In mid-December Kathy Flanagan begins stringing Christmas lights between the tents. She and Sunny Smith and the twins go caroling from tent to tent. We cut cedars in the woods and bring them to our village and string lights on them. The diesel generators hum all night like the ghosts of people that have gone.

Bennett Hale-Coe brings a gift basket with wine and cheeses and summer sausages and fancy mustard. When he leaves he hands me a piece of paper with a number on it that makes me flinch. I see his minions in yellow hats, holding rolled-up maps and surveyor’s tools, waving their arms to encompass the edges of my land.

Heather and I argue or make love all night. When she asks me when we are leaving I don’t answer. I want to walk her through the tents and show her Kathy Flanagan’s sign. I want her to see Sunny Smith reading to the twins. I want her to see the grain on the wood I have saved from the old house, the veins in the marble from the hearth, the horseshoe that hung over the door. I want to tell her that people like us have dreams of seeing the world, but we aren’t the kind of people who do that. We’re the kind of people who are proud to be the fifth generation living on the same patch of land. We’re the kind of people who live in houses that used to have grand names that now sound as hollow as the long hallways. We can hear our houses breathe late at night. We can tell by the way the leaves hang on the trees if a storm is coming, and we can tell by the sound of the wolves howling if they are baying at the moon in longing or in pursuit of something that flees in the darkness.

It’s hard to explain why you love a place that tries to kill you three or four times a year, either by force of nature or the wild animals that roam the perimeter of the world you know.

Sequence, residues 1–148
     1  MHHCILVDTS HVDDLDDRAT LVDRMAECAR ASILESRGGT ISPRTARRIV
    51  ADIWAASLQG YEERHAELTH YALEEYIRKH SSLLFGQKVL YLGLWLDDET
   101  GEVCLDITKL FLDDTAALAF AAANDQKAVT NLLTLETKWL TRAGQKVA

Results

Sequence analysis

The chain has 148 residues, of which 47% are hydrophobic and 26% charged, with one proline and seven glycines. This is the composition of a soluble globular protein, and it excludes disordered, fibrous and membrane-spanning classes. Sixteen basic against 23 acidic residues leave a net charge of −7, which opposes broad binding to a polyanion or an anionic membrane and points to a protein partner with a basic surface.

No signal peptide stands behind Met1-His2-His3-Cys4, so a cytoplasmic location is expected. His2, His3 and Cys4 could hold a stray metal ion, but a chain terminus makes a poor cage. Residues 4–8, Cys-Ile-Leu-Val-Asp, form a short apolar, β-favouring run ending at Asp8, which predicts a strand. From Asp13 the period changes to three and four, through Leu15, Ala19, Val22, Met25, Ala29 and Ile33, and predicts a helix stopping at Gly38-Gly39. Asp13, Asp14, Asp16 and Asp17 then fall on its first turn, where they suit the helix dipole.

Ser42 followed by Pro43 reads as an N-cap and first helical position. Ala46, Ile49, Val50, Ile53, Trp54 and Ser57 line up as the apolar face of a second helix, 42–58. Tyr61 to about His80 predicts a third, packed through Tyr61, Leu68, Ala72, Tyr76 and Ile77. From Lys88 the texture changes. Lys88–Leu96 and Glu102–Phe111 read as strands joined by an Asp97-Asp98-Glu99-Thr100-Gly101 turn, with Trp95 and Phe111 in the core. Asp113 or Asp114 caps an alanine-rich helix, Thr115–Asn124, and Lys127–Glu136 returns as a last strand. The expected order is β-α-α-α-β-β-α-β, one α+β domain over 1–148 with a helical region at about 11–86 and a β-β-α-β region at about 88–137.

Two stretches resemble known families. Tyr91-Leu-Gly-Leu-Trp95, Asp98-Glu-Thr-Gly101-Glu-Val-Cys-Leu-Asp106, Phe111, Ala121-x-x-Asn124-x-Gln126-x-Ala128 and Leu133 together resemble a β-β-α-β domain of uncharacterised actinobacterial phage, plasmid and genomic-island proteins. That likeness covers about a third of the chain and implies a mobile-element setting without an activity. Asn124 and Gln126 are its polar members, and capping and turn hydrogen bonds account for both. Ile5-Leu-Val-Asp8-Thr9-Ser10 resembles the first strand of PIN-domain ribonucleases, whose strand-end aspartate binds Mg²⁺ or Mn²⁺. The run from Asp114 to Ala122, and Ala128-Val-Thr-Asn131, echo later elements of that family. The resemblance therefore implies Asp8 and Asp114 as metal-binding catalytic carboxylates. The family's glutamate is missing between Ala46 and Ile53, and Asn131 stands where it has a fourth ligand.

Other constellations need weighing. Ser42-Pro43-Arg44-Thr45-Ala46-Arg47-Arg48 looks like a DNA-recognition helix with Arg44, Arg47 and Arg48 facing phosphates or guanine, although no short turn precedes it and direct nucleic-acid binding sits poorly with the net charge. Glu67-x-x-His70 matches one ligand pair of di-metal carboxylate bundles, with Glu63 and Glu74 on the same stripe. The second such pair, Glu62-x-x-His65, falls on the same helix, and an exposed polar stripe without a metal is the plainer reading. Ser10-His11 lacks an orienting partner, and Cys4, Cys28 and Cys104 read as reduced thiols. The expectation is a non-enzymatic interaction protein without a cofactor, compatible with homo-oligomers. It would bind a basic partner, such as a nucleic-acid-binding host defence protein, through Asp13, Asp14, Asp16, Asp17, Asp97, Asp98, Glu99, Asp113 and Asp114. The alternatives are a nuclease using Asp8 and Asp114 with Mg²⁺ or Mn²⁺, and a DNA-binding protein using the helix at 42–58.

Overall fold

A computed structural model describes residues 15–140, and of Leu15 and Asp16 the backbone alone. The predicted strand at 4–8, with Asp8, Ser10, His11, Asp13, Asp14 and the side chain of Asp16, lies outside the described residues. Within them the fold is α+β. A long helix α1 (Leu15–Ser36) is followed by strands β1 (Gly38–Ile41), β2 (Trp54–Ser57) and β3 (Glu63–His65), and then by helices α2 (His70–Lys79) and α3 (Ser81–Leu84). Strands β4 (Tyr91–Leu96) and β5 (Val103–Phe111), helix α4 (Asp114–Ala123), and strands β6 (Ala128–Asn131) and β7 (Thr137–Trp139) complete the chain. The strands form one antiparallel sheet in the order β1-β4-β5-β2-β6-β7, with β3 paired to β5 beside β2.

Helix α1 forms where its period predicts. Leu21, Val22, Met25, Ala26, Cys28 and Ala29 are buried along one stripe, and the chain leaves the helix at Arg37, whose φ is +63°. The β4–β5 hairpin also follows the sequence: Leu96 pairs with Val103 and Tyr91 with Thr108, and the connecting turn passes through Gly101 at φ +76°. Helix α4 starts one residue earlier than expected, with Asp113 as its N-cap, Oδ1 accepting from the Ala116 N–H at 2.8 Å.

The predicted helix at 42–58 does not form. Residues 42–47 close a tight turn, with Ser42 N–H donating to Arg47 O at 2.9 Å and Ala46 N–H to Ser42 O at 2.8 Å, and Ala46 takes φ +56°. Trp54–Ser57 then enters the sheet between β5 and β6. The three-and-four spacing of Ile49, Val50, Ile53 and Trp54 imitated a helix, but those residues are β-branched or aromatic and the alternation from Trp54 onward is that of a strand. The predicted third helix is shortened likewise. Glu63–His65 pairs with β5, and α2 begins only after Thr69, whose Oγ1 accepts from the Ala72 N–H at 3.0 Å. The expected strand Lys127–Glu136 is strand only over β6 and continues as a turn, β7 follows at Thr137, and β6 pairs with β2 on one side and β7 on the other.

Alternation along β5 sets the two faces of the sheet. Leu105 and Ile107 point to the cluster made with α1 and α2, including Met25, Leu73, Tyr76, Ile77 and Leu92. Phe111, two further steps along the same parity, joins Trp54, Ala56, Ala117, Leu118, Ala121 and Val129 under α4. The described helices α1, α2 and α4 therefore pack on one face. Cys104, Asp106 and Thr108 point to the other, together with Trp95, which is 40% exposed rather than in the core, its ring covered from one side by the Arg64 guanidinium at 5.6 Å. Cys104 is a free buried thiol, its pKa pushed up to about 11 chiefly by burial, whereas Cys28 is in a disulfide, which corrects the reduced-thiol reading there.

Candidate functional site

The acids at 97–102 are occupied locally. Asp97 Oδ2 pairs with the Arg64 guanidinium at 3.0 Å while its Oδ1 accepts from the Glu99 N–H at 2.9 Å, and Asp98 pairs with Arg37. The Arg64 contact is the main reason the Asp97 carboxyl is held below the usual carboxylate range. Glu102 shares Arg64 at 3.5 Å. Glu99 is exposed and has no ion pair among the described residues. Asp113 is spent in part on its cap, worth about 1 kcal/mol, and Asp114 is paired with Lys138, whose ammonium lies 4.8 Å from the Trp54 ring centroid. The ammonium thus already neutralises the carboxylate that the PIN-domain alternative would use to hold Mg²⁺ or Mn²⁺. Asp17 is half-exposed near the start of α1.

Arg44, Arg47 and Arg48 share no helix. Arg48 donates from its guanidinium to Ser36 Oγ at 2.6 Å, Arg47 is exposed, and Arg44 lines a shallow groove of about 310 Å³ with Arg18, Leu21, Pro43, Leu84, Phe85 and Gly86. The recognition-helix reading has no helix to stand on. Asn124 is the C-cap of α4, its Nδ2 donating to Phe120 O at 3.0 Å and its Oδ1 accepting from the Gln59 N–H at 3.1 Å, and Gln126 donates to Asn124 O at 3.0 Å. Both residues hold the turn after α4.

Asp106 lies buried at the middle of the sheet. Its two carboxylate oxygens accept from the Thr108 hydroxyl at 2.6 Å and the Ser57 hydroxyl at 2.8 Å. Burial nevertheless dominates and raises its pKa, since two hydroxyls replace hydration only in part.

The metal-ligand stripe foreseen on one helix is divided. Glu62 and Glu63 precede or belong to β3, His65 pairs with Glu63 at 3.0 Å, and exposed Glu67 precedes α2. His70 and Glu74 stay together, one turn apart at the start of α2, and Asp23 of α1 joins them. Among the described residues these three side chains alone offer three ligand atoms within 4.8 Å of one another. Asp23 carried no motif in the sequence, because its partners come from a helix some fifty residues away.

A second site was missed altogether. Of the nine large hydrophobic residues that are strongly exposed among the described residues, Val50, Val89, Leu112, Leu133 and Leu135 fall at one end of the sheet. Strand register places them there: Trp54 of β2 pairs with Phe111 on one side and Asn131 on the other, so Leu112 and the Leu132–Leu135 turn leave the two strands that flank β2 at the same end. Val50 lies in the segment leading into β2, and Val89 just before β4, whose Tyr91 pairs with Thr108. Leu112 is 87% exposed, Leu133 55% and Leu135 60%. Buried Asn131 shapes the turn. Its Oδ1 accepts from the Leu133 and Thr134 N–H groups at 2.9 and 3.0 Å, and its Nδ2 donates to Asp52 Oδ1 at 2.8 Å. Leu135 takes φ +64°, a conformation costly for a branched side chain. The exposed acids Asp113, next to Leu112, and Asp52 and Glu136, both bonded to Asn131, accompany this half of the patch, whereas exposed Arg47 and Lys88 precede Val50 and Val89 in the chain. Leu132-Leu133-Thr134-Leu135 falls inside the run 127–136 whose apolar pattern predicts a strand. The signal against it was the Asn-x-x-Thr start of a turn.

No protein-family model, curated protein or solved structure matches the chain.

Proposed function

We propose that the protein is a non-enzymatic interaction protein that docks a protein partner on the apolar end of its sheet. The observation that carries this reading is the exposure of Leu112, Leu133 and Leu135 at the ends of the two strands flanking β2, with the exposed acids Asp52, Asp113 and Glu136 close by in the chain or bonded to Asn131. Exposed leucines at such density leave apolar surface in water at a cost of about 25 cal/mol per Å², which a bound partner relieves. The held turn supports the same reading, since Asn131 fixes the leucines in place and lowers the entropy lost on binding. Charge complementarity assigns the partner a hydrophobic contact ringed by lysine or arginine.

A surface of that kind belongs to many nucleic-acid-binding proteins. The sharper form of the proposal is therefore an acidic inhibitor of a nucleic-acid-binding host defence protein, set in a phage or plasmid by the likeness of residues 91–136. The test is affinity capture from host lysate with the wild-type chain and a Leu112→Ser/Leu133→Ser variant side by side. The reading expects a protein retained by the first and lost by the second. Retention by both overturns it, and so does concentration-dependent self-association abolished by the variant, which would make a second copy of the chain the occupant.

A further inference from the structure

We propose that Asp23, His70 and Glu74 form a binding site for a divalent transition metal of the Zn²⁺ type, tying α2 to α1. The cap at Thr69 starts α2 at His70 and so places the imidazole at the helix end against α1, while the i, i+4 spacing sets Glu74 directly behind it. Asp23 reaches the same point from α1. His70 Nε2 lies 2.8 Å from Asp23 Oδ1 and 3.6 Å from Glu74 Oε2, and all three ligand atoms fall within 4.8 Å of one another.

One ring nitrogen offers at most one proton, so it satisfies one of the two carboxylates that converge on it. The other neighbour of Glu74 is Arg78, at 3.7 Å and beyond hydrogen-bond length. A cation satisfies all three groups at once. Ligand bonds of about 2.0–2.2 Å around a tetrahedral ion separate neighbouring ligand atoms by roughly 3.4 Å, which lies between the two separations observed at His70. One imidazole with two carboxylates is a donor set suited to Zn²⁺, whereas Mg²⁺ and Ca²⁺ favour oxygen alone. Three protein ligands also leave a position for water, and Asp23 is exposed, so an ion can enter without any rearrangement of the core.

Some nights she gets so angry she packs her backpack and stomps off into the woods. But she is scared of the wolves and always returns. She accuses me of using the wolves to keep her here. When she is really mad she screams that all of us are imprisoned here, that we have created walls that don’t exist. She tells us geography is bullshit, that places don’t have souls. She points at the ruins of the house and tells me it is just fucking wood and goddamn stone, and I don’t know how to tell her that geography is more than just a physical location. I can’t explain why some people are drawn to the land and some people are not.

Every few days she tells me she is leaving. She kneels inside the tent flap and says, “I’m leaving. There’s nothing you can do to stop me.” Outside, the birds are saying, “Who let the dogs out?” and “Me so horny.” I can smell bacon being cooked somewhere over a fire. It’s morning and the air is as still as the twins.

I tell her I don’t want her to go but that I understand if she has to leave. She tilts her head to the side, trying to figure out what trick I am playing. After a few moments she backs out of the tent, still eyeing me suspiciously. I stick my head out and signal the twins, who intercept Heather and ask for a story, or I wave to Sticks and Stones, who ask her about New Orleans, and if you can really get hookers there. At night, when she has still not left, she lies beside me not talking, her body turned away from me. I speak softly, so as not to scare her. This is what Heather wants: the open world in front of her. She wants to hike through Central America and ride a motorcycle across Argentina. She wants to swim in the Nile and drive camels through the Sahara. She does not want to be tied to the land. She does not believe there are only certain places you can be happy, so I tell her we’ll be Romanian gypsies, or trapeze artists traveling through Old Mexico. We will be Tibetan Sherpas, or Eskimo traders, or kangaroo hunters. I tell her we will tour the South in an old VW Bug that will break down in small towns where people will not be tolerant of her Northern upbringing. I say we will backpack across Nicaragua and hope we are not taken prisoner by drug lords, and all these stories seem to make her happy. She purrs contentedly beside me. Her breath smells like apples.